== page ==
Last week, a reader, Jeff Huggins, asked me to address why the media have failed to explain climate change in a way the public “gets.” Getting it basically involves two things: an understanding of the basic scientific evidence that humans are causing global warming, which we’ll address in the first installment of this column, and an understanding of the various points upon which scientists agree and disagree, which we’ll delve into tomorrow in the second.

Indeed, polls support Huggins’s claim that most people don’t get it. The most recent survey from the Pew Research Center found that 71 percent of Americans believe the earth is warming (though that number has been dropping since July 2006). Roughly half of Americans (47 percent) think that warming is due to human activity, but almost as many (45 percent) say that the warming is due to natural environmental patterns (18 percent), that no solid evidence of warming exists (21 percent), or that they do not know the cause of warming (6 percent).

This, despite the fact that the Intergovernmental Panel on Climate Change, our highest authority on such matters, believes that it is “very likely” (greater than 90 percent chance) that humans are, in fact, responsible for “most of the observed increase in global average temperatures since the mid-20th century.”

The problem is that most people don’t believe that such a consensus (to use an unnecessarily controversial term) actually exists. In April 2007, a Washington Post-ABC News poll found that only 40 percent of Americans believe that “most” scientists agree that “global warming is happening.” On the other hand, 56 percent believe there is “a lot of disagreement.” Now read closely! Notice that the question isn’t even asking whether scientists agree or disagree about human activity’s role in climate change; the question simply asks whether or not they think warming is happening. According to the IPCC, the fact that the earth is warming is “unequivocal.” Yet people seem to think there is less agreement on that point among scientists than there is among the general public (remember, 71 percent think warming is happening regardless of cause) — a rather odd disjuncture.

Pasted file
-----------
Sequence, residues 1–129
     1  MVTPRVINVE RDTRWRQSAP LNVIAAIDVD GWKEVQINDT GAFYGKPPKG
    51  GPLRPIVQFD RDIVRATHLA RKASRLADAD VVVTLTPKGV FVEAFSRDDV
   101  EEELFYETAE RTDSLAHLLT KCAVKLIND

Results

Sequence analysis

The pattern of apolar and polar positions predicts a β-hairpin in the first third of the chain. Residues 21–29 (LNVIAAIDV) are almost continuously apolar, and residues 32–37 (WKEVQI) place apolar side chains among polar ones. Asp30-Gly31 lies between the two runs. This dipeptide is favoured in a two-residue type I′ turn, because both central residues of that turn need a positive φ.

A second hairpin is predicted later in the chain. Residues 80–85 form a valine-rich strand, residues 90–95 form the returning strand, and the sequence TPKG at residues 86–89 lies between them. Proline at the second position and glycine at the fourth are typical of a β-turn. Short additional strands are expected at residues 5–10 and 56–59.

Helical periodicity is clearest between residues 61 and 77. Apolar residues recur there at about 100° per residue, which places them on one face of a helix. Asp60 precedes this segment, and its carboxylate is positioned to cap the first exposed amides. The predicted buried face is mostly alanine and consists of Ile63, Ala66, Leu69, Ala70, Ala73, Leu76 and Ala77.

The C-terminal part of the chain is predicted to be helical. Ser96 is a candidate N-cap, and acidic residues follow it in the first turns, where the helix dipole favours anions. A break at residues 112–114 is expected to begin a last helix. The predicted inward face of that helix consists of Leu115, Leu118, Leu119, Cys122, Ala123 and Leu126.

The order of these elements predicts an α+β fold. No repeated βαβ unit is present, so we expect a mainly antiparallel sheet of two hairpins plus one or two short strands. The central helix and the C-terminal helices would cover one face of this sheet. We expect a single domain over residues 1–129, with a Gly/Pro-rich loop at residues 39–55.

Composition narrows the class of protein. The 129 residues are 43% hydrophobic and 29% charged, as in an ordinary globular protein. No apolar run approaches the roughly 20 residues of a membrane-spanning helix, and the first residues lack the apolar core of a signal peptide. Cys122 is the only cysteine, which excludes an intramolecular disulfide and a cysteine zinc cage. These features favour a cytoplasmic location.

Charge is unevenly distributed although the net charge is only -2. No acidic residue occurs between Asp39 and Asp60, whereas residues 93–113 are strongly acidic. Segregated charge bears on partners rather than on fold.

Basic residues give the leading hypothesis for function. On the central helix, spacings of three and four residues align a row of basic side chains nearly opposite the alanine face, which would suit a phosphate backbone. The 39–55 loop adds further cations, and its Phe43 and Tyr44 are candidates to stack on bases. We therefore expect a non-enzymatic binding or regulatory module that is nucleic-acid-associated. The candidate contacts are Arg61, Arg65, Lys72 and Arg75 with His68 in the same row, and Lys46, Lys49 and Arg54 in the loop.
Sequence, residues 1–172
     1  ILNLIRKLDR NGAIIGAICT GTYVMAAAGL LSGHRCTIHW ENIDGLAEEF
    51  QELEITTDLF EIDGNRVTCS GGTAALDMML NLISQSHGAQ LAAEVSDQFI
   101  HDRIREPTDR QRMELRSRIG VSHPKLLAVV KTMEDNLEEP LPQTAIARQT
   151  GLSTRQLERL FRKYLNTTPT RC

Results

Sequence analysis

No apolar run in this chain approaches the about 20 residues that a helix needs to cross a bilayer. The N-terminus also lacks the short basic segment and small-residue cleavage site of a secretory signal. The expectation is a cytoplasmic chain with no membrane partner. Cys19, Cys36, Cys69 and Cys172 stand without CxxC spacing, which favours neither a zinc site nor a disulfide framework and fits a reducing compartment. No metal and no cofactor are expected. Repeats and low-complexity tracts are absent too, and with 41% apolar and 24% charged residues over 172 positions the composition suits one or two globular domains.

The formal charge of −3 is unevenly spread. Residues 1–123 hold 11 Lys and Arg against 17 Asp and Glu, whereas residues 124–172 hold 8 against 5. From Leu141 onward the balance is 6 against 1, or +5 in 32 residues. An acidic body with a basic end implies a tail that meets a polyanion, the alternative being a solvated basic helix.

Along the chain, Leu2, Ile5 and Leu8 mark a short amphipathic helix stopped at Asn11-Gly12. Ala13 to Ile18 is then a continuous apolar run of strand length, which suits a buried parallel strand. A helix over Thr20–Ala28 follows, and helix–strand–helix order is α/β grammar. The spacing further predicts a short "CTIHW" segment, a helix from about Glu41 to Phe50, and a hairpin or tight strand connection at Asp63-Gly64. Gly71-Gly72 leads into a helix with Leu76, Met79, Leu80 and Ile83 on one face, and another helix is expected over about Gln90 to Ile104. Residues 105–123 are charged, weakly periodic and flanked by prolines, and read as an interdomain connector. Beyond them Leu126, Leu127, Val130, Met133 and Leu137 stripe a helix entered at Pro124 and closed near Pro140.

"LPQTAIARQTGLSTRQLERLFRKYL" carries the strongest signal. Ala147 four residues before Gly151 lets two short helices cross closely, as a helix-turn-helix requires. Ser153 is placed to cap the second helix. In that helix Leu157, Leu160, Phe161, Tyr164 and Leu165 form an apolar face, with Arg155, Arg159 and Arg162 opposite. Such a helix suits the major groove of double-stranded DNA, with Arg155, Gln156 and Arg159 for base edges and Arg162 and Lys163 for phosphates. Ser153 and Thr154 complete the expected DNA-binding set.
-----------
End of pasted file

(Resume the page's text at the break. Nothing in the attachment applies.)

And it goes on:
So yes, it’s fair to say that at least half the country doesn’t “get” climate science. The tougher question is, how have the media caused or abetted that misunderstanding? As Huggins, who is a regular reader at New York Times reporter Andrew Revkin’s Dot Earth blog (a self-described “Dot Earthling”), has suggested over a series of comments there, climate reporting exhibits two overarching problems. First, the media have not communicated the basics of climate science well enough. Second, they have caused confusion about what scientists agree upon and what they don’t by relying on he-said/she-said reporting; when no context or weight is given to the relative merits of each argument, such reporting can create a false sense of balance in the minds of readers and viewers.

When it comes to the basic science, Huggins has noted that he’s “not talking about the detailed details. Not everyone needs to be a professional scientist, of course.” A grasp of the basic concepts and “being able to roughly ‘visualize’ the situation” will clear up many misconceptions about the climate change, he has argued, and he’s likely right. There are, perhaps, two fundamental processes that individuals need to grasp (and visualize) in order to understand global warming: the earth’s carbon cycle and the greenhouse effect.

The carbon cycle shows where human emissions fit within the massive and perennial exchanges of carbon that take places between the planet’s terrestrial, oceanic, and atmospheric reservoirs, and why they are throwing those natural balances out of whack. The greenhouse effect, on the other hand, describes how human emissions are affecting the heat balance of the planet. One might say that the media have done a better job explaining the latter than the former. According to LexisNexis search, the term “carbon cycle” has only come up in a total of eight stories spread across The New York Times, Los Angeles Times, The Washington Post, USA Today, and The Wall Street Journal over the last five years. But, as Huggins has pointed out, even New York Times columnist Tom Friedman, who has written extensively about the environment, recently botched an explanation of the greenhouse effect on The Late Show with David Letterman.

The trouble is, the press doesn’t do a good job with basic, textbook-style education, whether it be the principles of climate change or any other subject, from economics to heart disease. Historically, there was little way around this. The news was the news and it was hard to find space and time for rehashing fundamentals. That has changed with the Internet, a boundless repository where news outlets can now store information and reference material in the same fashion as an encyclopedia.

Curtis Brainard is the editor of The Observatory, CJR's online critique of science and environment reporting. Follow him on Twitter @cbrainard.